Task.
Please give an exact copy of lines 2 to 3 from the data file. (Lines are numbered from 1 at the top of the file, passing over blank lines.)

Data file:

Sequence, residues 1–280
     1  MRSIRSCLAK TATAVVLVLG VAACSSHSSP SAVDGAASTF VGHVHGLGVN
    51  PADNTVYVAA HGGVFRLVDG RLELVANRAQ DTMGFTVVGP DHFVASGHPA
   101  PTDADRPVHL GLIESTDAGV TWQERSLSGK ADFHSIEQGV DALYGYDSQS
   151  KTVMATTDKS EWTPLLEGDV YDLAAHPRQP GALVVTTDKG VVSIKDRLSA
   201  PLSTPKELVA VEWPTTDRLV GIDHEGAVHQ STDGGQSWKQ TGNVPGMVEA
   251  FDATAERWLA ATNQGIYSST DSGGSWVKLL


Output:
     1  MRSIRSCLAK TATAVVLVLG VAACSSHSSP SAVDGAASTF VGHVHGLGVN
    51  PADNTVYVAA HGGVFRLVDG RLELVANRAQ DTMGFTVVGP DHFVASGHPA